Burnt HouseIf only…

“It’ll never happen” and “she’ll be right” were more than wishful thinking. But frequently ‘it’ can and does happen and the only thing holding financial ruin at bay is an insurance policy.

Landlord insurance. You know it’s necessary. But how often do you stop and consider how it works and what determines its cost?

In 2018, we settled more than 5,000 claims – with a total value in excess of $16.5 million. For the mathematically inclined, around $3,300 paid out per claim.

Of course, that’s an average and many claims were of lesser value while others were substantially more. And while many landlords would be able to ‘find’ the $1,175 one policyholder was paid to fix a broken window and other minor reparations, few could foot the $746,000 bill another landlord faced after a fire.

Owning an investment property comes with a unique set of risks – not only is there the risk the rental could be damaged due to fire, flood, storm or any number of other insured events, there are specific risks, like tenant-related damage (accidental, malicious and deliberate) and loss of rent, that also need to be factored in.

Last year alone, more than 1,300 (or 26 per cent) of paid claims were for tenant damage. This covered everything from wine spilled on carpets to homes having to be decontaminated.

A rental property is an investment from which the owner expects to derive an income. So, when a landlord suffers rental losses, it can have a devastating effect on their cash flow and personal finances – banks generally insist on mortgages being repaid, regardless of whether the landlord actually received any rent.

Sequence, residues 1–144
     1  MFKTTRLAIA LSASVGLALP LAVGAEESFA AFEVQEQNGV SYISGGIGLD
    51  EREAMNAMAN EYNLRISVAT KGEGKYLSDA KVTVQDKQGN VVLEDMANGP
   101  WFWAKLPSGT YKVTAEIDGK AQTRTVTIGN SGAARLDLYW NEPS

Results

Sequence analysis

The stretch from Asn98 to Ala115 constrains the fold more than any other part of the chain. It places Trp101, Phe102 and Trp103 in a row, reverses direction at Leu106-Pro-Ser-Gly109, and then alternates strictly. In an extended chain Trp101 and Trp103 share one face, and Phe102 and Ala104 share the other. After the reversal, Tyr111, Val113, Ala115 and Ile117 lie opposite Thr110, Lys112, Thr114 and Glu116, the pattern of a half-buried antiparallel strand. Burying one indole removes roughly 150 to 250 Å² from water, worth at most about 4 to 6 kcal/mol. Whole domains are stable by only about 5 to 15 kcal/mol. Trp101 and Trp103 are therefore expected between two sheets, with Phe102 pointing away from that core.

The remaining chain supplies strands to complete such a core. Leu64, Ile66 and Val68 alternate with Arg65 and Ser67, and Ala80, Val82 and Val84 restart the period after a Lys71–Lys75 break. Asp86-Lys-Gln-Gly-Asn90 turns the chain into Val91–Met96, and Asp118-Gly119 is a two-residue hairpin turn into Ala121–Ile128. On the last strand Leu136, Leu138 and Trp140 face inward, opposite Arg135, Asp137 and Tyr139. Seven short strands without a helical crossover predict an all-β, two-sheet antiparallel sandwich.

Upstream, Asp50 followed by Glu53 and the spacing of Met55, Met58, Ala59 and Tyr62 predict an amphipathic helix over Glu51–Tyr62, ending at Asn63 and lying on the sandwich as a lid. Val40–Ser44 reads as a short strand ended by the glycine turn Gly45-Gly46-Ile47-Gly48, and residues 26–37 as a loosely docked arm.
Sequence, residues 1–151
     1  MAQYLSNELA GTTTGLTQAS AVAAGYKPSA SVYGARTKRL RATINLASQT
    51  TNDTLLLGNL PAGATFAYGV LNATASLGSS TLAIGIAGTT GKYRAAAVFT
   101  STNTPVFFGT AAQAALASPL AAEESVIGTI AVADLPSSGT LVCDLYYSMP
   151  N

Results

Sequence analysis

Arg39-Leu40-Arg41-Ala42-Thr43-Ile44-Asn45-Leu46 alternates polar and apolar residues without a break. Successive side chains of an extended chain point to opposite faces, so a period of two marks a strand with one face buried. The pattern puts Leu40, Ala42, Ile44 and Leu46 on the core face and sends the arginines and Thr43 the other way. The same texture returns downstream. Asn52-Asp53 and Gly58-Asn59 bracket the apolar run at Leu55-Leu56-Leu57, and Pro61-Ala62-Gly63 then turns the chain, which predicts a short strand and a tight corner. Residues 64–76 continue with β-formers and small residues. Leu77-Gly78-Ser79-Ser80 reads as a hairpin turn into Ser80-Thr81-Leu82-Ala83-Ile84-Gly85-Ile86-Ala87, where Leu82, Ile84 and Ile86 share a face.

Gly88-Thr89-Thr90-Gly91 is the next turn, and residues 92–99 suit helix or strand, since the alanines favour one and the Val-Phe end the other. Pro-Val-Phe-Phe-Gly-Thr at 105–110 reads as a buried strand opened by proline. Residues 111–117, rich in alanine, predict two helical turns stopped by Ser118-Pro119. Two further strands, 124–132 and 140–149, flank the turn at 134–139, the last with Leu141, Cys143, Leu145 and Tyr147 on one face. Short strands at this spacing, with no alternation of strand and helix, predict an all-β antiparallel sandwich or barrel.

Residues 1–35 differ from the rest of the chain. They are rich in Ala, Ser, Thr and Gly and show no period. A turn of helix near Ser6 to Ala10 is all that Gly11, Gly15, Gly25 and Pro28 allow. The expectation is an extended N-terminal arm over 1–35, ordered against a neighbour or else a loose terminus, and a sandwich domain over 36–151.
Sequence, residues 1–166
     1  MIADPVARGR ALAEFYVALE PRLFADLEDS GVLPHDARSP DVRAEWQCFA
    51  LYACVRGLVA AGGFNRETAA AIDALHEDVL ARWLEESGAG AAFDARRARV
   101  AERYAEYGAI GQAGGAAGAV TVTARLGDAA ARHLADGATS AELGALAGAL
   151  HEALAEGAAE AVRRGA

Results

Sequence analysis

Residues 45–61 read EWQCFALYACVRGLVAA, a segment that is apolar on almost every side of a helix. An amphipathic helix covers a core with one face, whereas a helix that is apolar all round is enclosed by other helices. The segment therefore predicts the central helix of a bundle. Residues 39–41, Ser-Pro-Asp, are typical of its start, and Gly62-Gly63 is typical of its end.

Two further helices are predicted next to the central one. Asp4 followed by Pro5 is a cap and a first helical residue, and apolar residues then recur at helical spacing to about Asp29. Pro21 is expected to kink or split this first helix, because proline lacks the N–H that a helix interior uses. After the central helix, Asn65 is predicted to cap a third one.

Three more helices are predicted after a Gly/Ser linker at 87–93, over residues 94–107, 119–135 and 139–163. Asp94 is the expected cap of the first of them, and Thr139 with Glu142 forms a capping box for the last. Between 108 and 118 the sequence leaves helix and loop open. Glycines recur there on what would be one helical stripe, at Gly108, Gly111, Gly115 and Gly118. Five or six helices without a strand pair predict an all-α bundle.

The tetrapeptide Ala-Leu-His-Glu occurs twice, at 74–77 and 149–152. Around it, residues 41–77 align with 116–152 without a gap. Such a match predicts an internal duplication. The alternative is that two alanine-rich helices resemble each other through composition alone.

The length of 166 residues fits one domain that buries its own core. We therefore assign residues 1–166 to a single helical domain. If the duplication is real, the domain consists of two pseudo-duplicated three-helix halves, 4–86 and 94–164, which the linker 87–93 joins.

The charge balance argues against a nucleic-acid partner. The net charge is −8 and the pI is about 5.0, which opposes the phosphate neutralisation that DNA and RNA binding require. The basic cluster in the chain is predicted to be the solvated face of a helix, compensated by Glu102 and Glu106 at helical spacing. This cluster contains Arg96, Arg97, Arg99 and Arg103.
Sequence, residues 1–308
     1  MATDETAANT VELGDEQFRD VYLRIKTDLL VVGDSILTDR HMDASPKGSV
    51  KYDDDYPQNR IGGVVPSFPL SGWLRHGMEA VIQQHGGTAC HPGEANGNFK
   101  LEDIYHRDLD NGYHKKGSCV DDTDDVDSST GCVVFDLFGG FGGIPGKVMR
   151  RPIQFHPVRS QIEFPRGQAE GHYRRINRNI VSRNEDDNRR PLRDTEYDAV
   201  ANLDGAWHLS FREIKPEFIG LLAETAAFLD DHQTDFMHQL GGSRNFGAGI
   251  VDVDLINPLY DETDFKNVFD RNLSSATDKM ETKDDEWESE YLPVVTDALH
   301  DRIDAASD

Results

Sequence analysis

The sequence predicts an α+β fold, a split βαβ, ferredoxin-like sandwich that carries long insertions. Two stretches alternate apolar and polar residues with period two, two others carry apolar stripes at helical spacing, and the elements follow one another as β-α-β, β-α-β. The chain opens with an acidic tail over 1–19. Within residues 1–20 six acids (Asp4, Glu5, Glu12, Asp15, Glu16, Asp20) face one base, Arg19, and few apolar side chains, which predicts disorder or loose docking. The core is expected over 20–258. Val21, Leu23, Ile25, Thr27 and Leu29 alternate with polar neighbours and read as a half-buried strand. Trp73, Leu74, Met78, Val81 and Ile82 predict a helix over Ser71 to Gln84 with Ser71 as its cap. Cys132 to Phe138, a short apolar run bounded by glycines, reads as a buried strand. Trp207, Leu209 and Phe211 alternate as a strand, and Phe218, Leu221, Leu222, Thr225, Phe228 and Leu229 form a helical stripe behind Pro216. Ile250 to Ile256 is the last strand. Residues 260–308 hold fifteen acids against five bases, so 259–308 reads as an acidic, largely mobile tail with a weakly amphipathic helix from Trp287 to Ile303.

Almost 3,000 claims (or 58 per cent) for loss of rent were settled in 2018. Sometimes the result of bad tenant behaviour (absconding, rent default, breaking leases and denial of access), other times the non-payment was the result of circumstances beyond the control of tenant, landlord or agent – such as relationship breakdowns, domestic violence, job loss, serious illness, or tenant death.

While prudent landlords often factor in a few weeks each year when the property will not generate an income, unexpected damage or loss of rent frequently derails even the best plans. This is when the financial security blanket that is landlord insurance comes into its own.

Of course, it isn’t only damage and rental losses landlord insurance covers. There are a range of insured events for which cover is provided, along with the all-important matter of liability. The financial ramifications of a tenant or guest being injured or worse at the rental can be crippling. Society is becoming increasingly litigious and those injured as a result of an act or omission on behalf of the landlord are far less likely to ‘let it slide’ and instead sue for damages. Plaintiffs can be awarded eye-watering sums if they make a successful claim and without legal liability cover stretching into the millions, landlord or agent could face financial ruin.